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Jennifer Mellon | Investigating Insurance Fraud

Top 3 Methods of Insurance Fraud

Insurance fraud can either benefit the insurer or the insured, depending on who instigated the fraudulent claims. Unfortunately, the innocent victims of either one are the public as they are generally charged with higher premiums, says Jennifer Mellon. Basically, higher premiums are charged to cover the insurer’s losses which in the personal opinion of Jennifer Mellon, is rather unfair. But, setting personal opinions aside, insurance fraud is a costly crime that can cause annual losses of up to billions of dollars.

There are various methods of insurance fraud, but in general, these take on the form of false insurance claims and either the insurance company or the insured pockets the money. For the reader’s reference, below are three of the most common methods of insurance fraud: 

1. Exaggerated or non-existent injuries

According to the National Health Care Anti-Fraud Association, insurance fraud accounts for roughly about 3% of the total expenditures of the country’s healthcare industry, which is estimated to cost said industry $51 billion in losses annually. But this is just a conservative estimate, shares Jennifer Mellon; because according to other reports, total losses are at 10% of the industry’s annual expenditures, which translates to about $115 billion per year.  Image Source RockyMountainTrainingInstitution

How is insurance fraud committed? The insured or their family can either exaggerate the policy holder’s medical condition or injury, or they can file a claim for a completely fabricated medical condition which they know to be covered in the policy.

In the case of insurance companies, fraud is committed by underpaying physicians and hospitals, denying coverage, and removing records from their system.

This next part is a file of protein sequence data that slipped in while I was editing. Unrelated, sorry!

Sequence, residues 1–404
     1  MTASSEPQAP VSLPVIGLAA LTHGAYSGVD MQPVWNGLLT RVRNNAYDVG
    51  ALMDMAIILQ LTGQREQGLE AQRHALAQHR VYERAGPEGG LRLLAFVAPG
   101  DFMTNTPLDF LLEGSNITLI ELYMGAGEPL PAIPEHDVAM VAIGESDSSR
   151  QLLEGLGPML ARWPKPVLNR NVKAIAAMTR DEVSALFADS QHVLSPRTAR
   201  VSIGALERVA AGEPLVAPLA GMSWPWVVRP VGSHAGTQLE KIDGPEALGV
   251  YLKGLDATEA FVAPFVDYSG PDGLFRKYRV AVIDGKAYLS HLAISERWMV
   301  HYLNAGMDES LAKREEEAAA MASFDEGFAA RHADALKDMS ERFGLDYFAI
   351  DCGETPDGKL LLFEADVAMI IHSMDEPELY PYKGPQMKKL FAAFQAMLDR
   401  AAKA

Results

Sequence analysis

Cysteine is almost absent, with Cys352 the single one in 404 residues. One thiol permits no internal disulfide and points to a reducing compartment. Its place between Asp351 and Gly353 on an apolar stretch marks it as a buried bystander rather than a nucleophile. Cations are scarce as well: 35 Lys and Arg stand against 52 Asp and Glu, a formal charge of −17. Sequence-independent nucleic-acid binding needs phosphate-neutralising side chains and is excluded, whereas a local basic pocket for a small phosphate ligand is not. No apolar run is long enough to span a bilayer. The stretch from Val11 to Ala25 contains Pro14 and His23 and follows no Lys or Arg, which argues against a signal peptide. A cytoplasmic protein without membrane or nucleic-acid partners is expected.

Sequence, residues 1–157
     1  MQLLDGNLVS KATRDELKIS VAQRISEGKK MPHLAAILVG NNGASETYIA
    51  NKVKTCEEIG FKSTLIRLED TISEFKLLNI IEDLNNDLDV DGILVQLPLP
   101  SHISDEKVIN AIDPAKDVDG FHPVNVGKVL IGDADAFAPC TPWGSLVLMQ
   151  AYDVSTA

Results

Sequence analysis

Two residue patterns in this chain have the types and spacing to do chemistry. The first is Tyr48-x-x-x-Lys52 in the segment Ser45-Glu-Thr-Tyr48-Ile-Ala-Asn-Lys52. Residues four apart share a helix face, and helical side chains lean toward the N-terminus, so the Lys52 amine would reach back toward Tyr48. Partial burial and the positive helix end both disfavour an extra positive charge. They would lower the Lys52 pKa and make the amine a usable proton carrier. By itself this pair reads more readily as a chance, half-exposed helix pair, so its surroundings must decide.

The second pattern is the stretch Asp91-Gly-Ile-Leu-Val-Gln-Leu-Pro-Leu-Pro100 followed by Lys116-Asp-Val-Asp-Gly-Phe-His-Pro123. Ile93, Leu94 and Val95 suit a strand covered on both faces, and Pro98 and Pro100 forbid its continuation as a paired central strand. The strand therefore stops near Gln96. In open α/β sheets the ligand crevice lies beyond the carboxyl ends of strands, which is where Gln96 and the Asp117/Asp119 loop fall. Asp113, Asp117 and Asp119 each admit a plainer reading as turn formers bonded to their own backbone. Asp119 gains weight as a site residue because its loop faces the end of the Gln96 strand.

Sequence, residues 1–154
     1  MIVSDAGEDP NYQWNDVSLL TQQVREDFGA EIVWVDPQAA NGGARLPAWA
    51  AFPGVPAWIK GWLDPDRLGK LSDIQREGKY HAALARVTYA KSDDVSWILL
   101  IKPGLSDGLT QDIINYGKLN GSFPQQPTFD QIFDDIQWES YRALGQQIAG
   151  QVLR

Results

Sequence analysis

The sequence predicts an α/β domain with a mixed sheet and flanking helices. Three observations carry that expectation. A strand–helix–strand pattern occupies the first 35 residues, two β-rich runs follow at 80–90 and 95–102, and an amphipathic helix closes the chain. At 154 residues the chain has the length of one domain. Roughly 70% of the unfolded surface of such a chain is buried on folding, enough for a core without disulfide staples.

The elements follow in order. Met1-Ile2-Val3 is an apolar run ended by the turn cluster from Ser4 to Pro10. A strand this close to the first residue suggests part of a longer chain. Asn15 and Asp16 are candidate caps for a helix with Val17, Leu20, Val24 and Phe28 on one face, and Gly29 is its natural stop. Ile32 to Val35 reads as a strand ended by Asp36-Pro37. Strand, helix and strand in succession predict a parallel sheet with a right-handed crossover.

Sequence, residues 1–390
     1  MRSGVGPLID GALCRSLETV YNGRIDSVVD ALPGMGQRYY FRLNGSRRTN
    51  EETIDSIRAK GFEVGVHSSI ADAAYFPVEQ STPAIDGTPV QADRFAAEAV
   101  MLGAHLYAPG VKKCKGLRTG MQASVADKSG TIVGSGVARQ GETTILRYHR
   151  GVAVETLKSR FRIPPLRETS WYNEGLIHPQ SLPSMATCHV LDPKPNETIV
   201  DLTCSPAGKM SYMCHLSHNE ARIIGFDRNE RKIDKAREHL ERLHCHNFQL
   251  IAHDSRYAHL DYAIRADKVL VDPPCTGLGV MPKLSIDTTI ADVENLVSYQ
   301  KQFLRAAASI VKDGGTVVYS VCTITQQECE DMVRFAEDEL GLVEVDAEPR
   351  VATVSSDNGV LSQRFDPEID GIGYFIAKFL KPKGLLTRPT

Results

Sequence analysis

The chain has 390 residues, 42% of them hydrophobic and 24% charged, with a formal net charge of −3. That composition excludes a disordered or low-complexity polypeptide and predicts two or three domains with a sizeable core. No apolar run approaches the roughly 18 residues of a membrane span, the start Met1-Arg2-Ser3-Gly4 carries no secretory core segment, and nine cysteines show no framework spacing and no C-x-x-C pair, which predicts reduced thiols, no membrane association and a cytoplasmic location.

2. Faking one’s death

There have been numerous cases of faking one’s own death to receive the benefits from their life insurance. Sometimes, the insured’s family or loved one is involved in the whole scheme, but at other times, it’s mainly just the insured. How is insurance claimed? Jennifer Mellon shares that it’s an elaborate scheme that could involve assuming a new identity and forgery to get the benefits. The perpetrator then could live in another country under the new assumed identity. Sometimes, the insured would also fake their own death to “take care of the family” to claim their life insurance.

3. Falsifying car insurance claims

In general, fraudulent claims against car insurance providers are made by the repair shop and/or the insured. With the repair shop, they could exaggerate the repairs that need to be done, or they could file legitimate claims but use sub-par replacements that cost less. They then keep the extra cash from the insurance.

For the insured, they could deliberately damage covered parts to have these replaced, or they could exaggerate the damage and include minor repairs from previous damages into the bill so the insurance company will also cover them, unknown to them of course, says Jennifer Mellon.

If you wish to learn more about Trustify’s fraud investigations, Jennifer Mellon invites you to give them a call at (877) 415-7515.

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